Respondent's second point attacks the decision of the lower court to award maintenance to petitioner. The award was erroneous, he asserts, as there is no substantial evidence that petitioner is unable to support herself through appropriate employment and because respondent does not have sufficient resources to pay maintenance. Respondent's argument is based on § 452.335.1, which states that maintenance shall be granted only if the spouse seeking maintenance: "(1) Lacks sufficient property, including marital property apportioned to him, to provide for his reasonable needs; and (2) is unable to support himself through appropriate employment or is the custodian of a child whose condition or circumstances make it appropriate that the custodian not be required to seek employment outside the home." Respondent correctly states that both requirements must be met in order to be awarded maintenance. No argument is made that the first requirement has not been met, and no argument is made that any child requires petitioner to stay at home. The argument therefore centers around whether petitioner is able to support herself through appropriate employment.
Respondent asseverates that since the evidence shows petitioner is capable of obtaining a job in her field of training she has not met the second requirement and thus should not be awarded maintenance. But the law governing the awarding of maintenance is not so strict as to deny maintenance anytime a spouse may be able to simply "support himself." The statute's intent is to require more than that simple support be achieved, for § 452.335.1 requires that in deciding whether or not to award maintenance the spouse's "reasonable needs" must be examined. If a spouse's assets and earnings from appropriate employment are not sufficient to meet his or her reasonable needs, an award of maintenance is authorized under § 452.335.1. J.A.A. v. A.D.A., 581 S.W.2d 889, 897-898 (Mo.App.1979). Otherwise, a spouse who is "able to support himself" could be suffering a significant drop in standard of living.
It is therefore a question of what was meant by the term "reasonable needs." In a marriage of lengthy duration where one spouse has foregone career development, the marital standard of living may serve as an important guide in computing the spouse's reasonable needs. Brueggemann v. Brueggemann, 551 S.W.2d 853, 857 (Mo.App.1977). In this case petitioner has foregone, for over twenty years, the right to develop her career. She has foregone the ability to advance economically, having instead made a home for respondent, raised their children, and participated in community activitiesall designed to allow the respondent to devote his full potential to the earning of income. Petitioner and respondent, working together, developed a fairly high standard of living. While the petitioner has lost the advancements and increases that she could have expected over the twenty year period of marriage, respondent has been advancing in his profession, establishing economic protection for the future. There is substantial evidence to justify an award of maintenance since a denial of maintenance could cause petitioner to suffer a significant decrease in her standard of living, whereas respondent would continue earning at the level petitioner helped him achieve.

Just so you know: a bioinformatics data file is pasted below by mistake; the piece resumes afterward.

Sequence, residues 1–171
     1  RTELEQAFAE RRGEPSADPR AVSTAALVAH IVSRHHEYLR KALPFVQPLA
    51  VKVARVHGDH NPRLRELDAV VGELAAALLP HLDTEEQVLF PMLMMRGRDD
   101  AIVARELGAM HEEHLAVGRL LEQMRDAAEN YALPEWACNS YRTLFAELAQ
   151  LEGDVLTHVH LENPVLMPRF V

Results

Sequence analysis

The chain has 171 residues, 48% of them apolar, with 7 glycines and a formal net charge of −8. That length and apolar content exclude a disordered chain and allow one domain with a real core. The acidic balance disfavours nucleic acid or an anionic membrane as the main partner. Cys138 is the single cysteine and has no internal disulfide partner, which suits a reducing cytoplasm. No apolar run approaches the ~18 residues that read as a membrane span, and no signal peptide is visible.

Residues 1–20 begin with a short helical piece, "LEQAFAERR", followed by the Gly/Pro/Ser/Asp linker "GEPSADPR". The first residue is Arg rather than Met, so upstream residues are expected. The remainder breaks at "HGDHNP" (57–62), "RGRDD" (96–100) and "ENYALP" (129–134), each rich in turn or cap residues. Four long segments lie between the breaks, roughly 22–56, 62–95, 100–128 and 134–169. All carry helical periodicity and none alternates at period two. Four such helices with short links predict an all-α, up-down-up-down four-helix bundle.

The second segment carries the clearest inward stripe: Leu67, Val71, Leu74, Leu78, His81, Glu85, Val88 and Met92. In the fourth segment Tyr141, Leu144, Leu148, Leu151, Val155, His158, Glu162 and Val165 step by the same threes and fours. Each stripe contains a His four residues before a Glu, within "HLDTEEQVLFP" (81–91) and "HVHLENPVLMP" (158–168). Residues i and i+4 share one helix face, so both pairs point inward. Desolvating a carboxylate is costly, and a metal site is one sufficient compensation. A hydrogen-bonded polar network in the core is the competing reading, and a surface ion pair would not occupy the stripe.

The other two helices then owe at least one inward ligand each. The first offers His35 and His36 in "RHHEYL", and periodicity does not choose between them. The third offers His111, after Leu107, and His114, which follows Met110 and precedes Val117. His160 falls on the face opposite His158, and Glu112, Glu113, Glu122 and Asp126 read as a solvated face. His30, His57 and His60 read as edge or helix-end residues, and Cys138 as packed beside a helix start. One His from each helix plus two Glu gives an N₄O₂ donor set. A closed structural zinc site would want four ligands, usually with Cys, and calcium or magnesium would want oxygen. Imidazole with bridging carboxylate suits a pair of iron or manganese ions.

Once it has been established that the reasonable needs of a spouse requires that maintenance be granted, it is then necessary to determine the amount to be granted by using the factors in § 452.335.2. *206 We are governed, in reviewing the lower court's award of maintenance, by the standards set forth in Murphy v. Carron, 536 S.W.2d 30, 32 (Mo. banc 1976). Therefore, we must sustain the ruling of the lower court unless there is no substantial evidence to support it, unless it is against the weight of the evidence, or unless it erroneously declares or applies the law. It is well known that the trial court is accorded broad discretion in its orders granting maintenance, such that we will not interfere unless an abuse of discretion appears. In re Marriage of Galloway, 547 S.W.2d 193, 195 (Mo.App.1977). And the burden of proving there was error in the trial court's judgment is upon the respondent-appellant. Naeger v. Naeger, 542 S.W.2d 344, 346 (Mo. App.1976). So we are compelled to give deference to the trial court, who has seen and heard the parties and their evidence, and thus made judgments of credibility. In re Marriage of Brewer, 592 S.W.2d 529, 532 (Mo.App.1979); Rule 73.01(c)(2).